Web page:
Colorado sees warning signs of COVID's staying power
Some of Colorado's most populated areas are seeing an increasing prevalence of COVID-19, a signal that the pandemic is not done with the state.
Threat level: The trend is evident in wastewater samples reported to the Centers for Disease Control and Prevention. And it coincides with a small uptick in positive case rates.
- The wastewater facilities with increasing rates include the Denver metro area along with Boulder, Larimer, Summit and El Paso counties; the data was collected March 2-16 shows.
- The concentrations — and case counts — remain well below the state's peaks.
Why it matters: The early detection systems in Colorado and across the U.S. indicate a surge of the more infectious Omicron BA.2 variant — similar to what Europe experienced — may be on its way, Axios' Tina Reed writes.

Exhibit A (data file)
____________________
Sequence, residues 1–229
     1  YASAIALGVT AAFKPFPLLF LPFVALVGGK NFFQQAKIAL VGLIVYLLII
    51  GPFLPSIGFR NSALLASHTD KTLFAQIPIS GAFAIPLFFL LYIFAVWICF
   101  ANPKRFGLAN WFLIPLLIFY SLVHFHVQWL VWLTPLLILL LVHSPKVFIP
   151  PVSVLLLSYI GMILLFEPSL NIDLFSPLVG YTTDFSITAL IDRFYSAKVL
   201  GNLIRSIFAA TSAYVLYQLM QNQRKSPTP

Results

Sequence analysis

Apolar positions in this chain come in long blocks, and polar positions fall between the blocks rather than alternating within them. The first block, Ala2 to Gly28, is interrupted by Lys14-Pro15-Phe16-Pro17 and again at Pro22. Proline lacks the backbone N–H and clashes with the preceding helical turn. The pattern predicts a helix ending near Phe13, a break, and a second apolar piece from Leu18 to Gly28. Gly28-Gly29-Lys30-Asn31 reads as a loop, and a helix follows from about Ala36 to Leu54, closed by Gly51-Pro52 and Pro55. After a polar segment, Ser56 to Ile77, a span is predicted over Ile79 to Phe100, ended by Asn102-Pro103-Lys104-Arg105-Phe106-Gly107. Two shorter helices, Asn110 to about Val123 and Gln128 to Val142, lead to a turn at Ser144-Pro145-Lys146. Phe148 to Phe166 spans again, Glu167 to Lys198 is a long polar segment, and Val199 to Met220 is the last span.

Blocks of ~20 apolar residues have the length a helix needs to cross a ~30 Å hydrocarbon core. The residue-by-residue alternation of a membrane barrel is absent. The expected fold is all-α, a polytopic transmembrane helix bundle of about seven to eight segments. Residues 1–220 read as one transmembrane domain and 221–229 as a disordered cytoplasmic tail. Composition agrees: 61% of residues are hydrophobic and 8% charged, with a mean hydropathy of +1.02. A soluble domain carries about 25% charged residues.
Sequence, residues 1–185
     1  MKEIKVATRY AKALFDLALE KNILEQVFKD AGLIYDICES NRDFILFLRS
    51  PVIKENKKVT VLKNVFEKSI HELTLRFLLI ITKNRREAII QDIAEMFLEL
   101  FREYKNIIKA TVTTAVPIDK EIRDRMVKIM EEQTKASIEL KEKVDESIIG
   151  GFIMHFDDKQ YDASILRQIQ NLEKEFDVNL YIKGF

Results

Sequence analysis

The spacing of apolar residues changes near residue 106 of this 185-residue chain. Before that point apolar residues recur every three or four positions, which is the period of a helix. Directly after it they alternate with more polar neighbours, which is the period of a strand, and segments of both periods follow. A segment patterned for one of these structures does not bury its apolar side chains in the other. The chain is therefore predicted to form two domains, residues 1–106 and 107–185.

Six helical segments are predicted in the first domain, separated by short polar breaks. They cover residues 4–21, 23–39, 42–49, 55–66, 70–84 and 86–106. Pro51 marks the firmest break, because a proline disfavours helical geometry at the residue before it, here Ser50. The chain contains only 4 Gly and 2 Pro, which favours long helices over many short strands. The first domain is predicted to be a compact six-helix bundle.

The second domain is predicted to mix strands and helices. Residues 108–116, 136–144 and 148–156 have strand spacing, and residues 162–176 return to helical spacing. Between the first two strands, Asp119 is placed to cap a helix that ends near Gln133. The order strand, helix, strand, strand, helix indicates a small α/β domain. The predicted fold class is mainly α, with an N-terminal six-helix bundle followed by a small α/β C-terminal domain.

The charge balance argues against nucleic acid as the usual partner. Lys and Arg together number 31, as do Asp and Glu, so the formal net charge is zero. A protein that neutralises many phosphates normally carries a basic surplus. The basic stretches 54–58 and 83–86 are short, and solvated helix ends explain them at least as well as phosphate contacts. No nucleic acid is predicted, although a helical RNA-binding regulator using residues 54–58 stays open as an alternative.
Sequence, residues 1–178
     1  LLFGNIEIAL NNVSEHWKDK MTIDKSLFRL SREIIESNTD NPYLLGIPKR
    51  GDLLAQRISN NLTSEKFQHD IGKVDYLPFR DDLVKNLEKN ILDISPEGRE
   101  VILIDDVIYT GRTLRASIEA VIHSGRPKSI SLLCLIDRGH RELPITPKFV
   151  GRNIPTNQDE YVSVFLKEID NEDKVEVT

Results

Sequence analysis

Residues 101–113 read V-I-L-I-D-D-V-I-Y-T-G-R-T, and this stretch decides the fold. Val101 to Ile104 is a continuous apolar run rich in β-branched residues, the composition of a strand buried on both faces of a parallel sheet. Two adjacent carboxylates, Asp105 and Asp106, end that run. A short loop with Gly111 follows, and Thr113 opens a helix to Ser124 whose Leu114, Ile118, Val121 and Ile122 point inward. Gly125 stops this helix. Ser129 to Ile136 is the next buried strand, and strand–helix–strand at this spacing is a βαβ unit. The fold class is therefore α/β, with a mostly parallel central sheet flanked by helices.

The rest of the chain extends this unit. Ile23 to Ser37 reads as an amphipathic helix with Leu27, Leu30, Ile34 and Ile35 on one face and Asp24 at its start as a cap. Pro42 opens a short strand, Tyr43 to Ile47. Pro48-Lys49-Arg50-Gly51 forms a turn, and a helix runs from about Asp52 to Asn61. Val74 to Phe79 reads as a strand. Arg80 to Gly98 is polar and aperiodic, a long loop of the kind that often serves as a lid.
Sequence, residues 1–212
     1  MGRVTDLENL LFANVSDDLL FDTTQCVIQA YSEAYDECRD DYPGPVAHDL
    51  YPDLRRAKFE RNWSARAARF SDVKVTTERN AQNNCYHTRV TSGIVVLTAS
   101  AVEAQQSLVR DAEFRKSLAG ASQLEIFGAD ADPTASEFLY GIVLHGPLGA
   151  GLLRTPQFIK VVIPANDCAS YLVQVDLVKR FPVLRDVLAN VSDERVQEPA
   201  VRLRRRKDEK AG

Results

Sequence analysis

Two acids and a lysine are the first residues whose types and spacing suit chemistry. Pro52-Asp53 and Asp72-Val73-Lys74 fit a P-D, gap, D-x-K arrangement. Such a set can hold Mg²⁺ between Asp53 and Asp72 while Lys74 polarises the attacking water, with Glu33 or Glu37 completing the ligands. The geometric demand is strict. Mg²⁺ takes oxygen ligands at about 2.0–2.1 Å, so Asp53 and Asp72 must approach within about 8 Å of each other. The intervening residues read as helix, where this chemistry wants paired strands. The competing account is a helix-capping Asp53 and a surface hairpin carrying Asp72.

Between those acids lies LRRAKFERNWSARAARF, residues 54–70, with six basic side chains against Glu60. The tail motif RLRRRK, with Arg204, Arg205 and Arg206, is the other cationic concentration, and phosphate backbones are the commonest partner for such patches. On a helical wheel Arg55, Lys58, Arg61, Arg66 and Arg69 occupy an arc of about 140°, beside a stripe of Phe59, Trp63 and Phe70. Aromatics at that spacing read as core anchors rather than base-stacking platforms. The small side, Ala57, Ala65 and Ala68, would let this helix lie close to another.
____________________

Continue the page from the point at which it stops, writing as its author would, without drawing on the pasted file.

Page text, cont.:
- But public health authorities aren't getting a full picture because a hoped-for national early warning system remains a patchwork quilt.
- Colorado is one of the leading states for wastewater detection, but it doesn't have recent data available for roughly a dozen utilities.
What they're saying: "We know that there is still COVID circulating in Colorado," Rachel Jervis, a state epidemiologist, tells us. "Even though wastewater concentrations are low, we are seeing some increases in some areas."
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